“If thats true then the $13 trillion of new money that was injected into the banks/financial system last fall was actually produced somehow.” — I’m saying that the $13 trillion was the maximum they could get away with, so that’s what they created. They’re always going to loot to the maximum extend they can. What do you think — that they show restraint? If so, you think more highly of our rulers than I do. :) Regardless, this was just an idea I was entertaining: it’s not a deeply held conviction.

“So you’re not about peaceful evolution then? What is ‘this’ for you? revolution? war?” — The “peaceful evolution” idea seems to mirror the socialist idea that human nature can be changed. It cannot. Or if it can, it is a truly “evolutionary” process, i.e., requiring millennial. I’m not interested in securing liberty for my greatx100 grandchildren, especially considering the world will probably not even last that long, and especially not at my own expense. Here is the one area where I disagree with agorism: counter-economics are no longer relevant to the fall of the state. The state is falling, and it doesn’t matter what we do. So what is ‘this’ for me? Waiting for the state to fall. Taking action to prepare myself and those I care about for this inevitability. And forming alliances with people like you, for future mutual aid and present reciprocal education.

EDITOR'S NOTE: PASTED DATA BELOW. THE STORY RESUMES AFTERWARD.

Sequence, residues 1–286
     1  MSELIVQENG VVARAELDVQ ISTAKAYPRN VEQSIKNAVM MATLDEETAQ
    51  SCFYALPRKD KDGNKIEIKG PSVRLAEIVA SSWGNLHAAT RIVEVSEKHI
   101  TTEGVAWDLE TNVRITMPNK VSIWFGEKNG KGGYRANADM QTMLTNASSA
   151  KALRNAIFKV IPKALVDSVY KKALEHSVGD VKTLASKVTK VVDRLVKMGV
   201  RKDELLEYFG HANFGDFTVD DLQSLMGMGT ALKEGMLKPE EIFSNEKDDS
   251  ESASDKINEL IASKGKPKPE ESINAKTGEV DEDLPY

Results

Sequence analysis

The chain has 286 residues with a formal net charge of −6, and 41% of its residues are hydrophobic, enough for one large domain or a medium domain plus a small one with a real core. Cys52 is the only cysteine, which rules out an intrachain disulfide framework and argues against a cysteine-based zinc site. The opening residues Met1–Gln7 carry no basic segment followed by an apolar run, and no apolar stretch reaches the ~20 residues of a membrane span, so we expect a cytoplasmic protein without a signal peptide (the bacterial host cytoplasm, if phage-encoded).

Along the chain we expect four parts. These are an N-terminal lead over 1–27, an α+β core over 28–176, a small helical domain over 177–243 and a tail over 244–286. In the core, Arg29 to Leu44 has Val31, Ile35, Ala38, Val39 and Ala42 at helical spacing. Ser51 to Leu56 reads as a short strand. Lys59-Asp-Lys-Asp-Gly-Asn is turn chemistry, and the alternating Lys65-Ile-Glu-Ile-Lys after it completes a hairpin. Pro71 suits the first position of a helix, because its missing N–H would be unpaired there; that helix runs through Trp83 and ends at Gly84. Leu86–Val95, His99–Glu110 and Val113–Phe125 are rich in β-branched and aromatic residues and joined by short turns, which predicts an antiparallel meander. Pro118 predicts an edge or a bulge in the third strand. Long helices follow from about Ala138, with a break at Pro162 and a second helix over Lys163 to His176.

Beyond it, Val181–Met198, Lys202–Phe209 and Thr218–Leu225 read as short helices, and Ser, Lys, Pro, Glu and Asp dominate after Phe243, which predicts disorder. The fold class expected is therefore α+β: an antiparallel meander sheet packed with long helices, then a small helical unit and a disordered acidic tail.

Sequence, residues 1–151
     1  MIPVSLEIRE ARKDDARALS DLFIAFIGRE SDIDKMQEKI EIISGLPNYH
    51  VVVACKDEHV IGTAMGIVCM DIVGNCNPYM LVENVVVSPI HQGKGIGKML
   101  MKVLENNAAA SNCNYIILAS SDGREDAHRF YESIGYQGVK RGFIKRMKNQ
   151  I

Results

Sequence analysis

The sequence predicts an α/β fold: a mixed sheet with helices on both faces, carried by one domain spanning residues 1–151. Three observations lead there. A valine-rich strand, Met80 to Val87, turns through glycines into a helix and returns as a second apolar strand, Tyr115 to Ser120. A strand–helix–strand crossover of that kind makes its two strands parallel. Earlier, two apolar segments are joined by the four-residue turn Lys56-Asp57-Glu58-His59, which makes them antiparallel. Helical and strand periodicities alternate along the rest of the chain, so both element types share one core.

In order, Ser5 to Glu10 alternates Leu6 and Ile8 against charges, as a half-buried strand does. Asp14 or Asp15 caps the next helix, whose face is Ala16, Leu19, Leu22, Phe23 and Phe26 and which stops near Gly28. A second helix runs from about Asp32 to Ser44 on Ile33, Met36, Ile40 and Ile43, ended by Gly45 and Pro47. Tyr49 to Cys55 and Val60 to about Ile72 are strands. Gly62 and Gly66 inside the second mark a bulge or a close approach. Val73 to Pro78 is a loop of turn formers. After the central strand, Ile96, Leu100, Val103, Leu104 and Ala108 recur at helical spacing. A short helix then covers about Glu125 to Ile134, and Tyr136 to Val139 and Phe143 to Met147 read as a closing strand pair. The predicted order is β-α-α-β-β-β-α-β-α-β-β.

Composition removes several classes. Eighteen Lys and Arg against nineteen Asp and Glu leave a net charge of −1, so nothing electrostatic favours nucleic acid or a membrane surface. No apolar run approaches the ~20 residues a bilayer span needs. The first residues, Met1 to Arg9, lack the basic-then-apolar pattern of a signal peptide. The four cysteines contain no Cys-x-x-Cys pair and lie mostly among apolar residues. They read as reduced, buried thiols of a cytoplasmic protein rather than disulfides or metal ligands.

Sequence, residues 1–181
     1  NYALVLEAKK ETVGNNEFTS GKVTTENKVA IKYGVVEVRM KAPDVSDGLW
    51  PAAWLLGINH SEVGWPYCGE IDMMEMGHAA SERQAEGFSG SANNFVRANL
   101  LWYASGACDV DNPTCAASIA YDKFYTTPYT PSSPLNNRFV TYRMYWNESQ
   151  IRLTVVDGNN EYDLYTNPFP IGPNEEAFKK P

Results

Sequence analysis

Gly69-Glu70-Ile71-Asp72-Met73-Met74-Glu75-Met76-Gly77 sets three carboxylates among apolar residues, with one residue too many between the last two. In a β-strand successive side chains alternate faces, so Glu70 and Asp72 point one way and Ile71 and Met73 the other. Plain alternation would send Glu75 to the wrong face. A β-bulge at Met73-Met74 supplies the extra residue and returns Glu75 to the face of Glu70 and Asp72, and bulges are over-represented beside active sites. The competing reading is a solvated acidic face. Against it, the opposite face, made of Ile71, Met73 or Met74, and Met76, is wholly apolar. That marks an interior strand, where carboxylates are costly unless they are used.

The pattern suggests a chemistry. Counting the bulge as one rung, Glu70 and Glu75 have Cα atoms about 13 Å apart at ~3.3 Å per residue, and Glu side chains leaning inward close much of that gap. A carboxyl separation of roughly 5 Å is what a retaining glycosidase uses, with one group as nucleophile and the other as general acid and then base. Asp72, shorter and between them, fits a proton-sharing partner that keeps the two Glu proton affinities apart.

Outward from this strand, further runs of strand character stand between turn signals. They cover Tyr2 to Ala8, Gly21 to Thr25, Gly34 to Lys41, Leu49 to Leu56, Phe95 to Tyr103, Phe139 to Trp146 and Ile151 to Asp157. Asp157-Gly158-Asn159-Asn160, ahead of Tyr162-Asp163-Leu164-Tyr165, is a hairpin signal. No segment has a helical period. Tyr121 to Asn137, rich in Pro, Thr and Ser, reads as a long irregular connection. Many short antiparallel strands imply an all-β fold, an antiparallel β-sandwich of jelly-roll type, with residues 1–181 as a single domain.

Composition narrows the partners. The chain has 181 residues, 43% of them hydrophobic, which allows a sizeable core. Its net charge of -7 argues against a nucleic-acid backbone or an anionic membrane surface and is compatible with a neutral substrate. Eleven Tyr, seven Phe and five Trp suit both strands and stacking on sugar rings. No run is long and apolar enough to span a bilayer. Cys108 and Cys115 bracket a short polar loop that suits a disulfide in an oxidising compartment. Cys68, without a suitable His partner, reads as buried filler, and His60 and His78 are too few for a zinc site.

“That’s not what I’m talking about” — But it was. You were saying it was wrong for him to accept help from a NH state rep: I’m saying you do whatever you have to do in that situation. Your own liberty is the highest end. And following your response to my Nazi example, it isn’t Sam that’s collaborating with the state rep, it’s the state rep collaborating with Sam.

Oh, that. He’s already out though…

However, as Sam pointed out early on, bar lawyers have their own loyalties. They depend on the state and are loyal to it, first and foremost. The client comes second.

So for him to hire one, knowing this, makes no sense to me. According to his previous line of reasoning (which I agree with), hiring a bar lawyer is selling yourself out.

So if your own liberty is the highest end, why use a bar lawyer – a person who is completely compromised and unable to make your own liberty his highest end while he serves you?